"Bride of Dede"
Winnie Truong is an artist from Canada. Her works are large-scale compositions of colored pencil and pastel crayons on paper. Truong's style is meant to question the nature of hair, skin, and beauty as a whole. It is also a comment on portraiture. In the work, "Bride of Dede," the skin and hair are handled with the same long, exact, strokes with multitudes of underlying colors. The small bubble-like cysts almost cover the body in beautifully lain groups, and treated in the same way that "beautiful" objects like beads, berries, or grapes might be. I believe this is a comment on the illusion of beauty and our perception of "imperfection." Using what would be a horrific skin disorder, Truong weaves together a portrait using the beautiful and the grotesque, until a work is created in which we have trouble telling the two apart.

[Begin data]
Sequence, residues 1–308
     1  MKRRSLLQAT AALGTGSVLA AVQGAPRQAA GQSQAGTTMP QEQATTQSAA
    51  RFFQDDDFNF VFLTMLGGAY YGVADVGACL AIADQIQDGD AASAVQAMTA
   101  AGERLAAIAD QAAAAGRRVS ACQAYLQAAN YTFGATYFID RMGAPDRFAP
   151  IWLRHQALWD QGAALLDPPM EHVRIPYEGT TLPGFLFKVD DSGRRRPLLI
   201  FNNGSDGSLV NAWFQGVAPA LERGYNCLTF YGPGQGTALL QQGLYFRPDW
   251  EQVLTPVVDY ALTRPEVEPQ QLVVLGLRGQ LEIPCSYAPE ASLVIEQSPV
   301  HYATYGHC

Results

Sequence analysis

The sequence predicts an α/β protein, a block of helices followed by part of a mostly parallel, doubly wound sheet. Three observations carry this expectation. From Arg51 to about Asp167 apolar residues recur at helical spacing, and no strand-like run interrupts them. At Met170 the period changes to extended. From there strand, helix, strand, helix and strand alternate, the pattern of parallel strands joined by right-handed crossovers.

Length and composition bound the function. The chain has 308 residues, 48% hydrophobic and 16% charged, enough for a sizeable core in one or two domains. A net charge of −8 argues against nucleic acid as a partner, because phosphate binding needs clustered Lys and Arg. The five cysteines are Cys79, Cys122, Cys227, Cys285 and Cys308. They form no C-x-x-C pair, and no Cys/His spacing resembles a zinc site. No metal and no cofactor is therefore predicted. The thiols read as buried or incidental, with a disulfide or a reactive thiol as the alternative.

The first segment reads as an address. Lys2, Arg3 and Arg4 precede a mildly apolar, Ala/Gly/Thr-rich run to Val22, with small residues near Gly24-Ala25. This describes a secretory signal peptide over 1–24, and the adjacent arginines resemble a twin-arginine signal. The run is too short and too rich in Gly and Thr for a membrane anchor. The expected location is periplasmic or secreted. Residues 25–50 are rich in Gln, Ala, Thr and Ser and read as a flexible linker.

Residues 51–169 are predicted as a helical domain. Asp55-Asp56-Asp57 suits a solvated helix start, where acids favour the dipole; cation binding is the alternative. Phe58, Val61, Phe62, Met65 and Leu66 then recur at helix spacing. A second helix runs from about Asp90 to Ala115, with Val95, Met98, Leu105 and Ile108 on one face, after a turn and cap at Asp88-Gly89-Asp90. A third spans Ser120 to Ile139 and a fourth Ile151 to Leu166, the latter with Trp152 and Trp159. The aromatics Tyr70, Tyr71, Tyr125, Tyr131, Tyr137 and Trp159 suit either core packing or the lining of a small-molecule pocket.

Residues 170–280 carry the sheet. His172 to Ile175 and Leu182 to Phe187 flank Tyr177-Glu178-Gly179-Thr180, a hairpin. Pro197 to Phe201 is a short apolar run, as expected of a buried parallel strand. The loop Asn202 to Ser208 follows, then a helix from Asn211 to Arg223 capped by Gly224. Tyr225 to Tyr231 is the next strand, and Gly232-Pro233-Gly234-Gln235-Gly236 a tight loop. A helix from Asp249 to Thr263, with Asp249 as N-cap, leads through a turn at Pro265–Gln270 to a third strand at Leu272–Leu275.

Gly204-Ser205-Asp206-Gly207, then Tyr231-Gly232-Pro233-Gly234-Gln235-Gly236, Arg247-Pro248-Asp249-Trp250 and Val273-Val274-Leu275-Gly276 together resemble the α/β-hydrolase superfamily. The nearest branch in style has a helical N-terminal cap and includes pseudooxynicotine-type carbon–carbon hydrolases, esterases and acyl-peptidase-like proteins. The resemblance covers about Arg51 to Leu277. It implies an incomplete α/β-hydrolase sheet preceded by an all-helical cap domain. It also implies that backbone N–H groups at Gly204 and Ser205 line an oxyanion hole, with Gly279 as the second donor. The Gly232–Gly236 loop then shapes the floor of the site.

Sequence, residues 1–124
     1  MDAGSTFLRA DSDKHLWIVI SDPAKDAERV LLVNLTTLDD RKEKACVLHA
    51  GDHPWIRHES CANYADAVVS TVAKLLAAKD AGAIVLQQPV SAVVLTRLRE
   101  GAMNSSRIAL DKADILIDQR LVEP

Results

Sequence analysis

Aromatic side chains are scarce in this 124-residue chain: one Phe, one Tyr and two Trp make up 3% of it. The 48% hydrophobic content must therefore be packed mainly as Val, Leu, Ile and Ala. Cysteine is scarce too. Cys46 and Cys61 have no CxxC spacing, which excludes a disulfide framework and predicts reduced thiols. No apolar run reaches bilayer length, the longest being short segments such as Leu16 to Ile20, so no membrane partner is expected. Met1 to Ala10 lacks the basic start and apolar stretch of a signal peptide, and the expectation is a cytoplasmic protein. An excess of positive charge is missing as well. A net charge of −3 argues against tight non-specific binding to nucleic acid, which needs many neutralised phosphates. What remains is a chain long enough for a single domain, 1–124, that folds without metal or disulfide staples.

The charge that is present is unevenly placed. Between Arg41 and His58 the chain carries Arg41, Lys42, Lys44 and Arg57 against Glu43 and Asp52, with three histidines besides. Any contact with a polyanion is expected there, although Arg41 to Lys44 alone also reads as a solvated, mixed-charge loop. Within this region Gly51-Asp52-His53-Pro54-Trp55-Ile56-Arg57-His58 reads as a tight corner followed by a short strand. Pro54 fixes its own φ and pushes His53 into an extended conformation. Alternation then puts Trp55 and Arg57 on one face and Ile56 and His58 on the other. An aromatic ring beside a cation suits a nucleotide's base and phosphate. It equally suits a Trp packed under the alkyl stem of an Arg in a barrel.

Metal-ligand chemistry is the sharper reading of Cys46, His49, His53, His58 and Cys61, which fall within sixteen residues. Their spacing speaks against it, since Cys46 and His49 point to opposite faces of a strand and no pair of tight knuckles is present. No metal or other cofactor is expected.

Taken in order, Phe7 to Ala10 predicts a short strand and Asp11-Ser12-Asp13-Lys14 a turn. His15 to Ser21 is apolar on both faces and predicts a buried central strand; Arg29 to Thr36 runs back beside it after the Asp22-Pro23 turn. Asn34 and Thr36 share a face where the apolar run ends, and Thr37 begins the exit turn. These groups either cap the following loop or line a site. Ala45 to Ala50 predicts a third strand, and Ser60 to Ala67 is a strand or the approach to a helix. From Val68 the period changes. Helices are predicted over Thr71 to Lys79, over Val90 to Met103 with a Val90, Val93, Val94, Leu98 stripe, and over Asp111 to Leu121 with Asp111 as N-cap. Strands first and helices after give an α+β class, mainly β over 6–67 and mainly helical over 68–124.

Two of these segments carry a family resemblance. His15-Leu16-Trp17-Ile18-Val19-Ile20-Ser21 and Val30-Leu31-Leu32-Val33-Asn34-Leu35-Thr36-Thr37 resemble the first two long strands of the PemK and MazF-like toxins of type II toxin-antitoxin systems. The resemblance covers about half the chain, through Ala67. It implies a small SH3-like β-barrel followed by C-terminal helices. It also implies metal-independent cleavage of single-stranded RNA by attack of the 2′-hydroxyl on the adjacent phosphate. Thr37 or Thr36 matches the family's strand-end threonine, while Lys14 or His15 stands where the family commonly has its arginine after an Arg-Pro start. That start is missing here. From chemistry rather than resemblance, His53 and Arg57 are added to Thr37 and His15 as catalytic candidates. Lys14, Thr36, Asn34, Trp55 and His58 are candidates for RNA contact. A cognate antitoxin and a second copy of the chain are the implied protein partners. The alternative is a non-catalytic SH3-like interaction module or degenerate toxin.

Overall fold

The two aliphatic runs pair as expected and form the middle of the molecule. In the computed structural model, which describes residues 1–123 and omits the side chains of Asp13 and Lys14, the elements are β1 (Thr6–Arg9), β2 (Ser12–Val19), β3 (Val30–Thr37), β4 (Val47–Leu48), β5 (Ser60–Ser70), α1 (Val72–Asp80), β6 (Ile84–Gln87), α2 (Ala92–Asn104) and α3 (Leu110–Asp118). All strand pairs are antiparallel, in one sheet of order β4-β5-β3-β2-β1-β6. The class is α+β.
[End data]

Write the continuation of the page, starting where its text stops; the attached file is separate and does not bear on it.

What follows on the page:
Tom Preston is a traditional art illustrator. Even though it is a comic, it has no lines between the panels and no borders. This piece is cool because only the creative ideas and emotions are colored and everything else is black and white. I also like the use of hatching and cross-hatching for the shadows. Tom likes to draw things and emotions that he has experiences and try to make it repeatable to others. In this piece he takes the idea of an artists' creative ideas that he wants to put on a canvas from his head. The ideas are bright colors and cute fun things. However, it doesn't come out the way he wants it and becomes depressed. That is why he is crouched down at the end and a depressing blue gloom is over him.